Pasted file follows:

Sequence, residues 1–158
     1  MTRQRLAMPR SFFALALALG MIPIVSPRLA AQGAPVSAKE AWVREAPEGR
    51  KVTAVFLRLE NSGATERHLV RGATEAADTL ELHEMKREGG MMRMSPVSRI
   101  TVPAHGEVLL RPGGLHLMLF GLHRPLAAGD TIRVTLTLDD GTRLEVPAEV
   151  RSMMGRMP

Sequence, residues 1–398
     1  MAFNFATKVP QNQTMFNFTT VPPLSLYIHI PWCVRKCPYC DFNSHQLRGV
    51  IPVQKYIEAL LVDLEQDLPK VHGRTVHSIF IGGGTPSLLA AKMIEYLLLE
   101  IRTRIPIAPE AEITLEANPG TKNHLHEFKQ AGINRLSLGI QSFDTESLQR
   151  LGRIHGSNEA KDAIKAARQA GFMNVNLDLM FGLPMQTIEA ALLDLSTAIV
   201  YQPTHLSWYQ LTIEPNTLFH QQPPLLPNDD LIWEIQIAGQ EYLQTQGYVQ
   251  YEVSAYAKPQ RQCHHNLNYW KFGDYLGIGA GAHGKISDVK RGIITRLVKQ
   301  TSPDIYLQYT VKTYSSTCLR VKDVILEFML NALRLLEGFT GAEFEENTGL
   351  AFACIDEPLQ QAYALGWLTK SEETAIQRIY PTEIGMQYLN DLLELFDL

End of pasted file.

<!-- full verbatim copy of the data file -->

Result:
Sequence, residues 1–158
     1  MTRQRLAMPR SFFALALALG MIPIVSPRLA AQGAPVSAKE AWVREAPEGR
    51  KVTAVFLRLE NSGATERHLV RGATEAADTL ELHEMKREGG MMRMSPVSRI
   101  TVPAHGEVLL RPGGLHLMLF GLHRPLAAGD TIRVTLTLDD GTRLEVPAEV
   151  RSMMGRMP

Sequence, residues 1–398
     1  MAFNFATKVP QNQTMFNFTT VPPLSLYIHI PWCVRKCPYC DFNSHQLRGV
    51  IPVQKYIEAL LVDLEQDLPK VHGRTVHSIF IGGGTPSLLA AKMIEYLLLE
   101  IRTRIPIAPE AEITLEANPG TKNHLHEFKQ AGINRLSLGI QSFDTESLQR
   151  LGRIHGSNEA KDAIKAARQA GFMNVNLDLM FGLPMQTIEA ALLDLSTAIV
   201  YQPTHLSWYQ LTIEPNTLFH QQPPLLPNDD LIWEIQIAGQ EYLQTQGYVQ
   251  YEVSAYAKPQ RQCHHNLNYW KFGDYLGIGA GAHGKISDVK RGIITRLVKQ
   301  TSPDIYLQYT VKTYSSTCLR VKDVILEFML NALRLLEGFT GAEFEENTGL
   351  AFACIDEPLQ QAYALGWLTK SEETAIQRIY PTEIGMQYLN DLLELFDL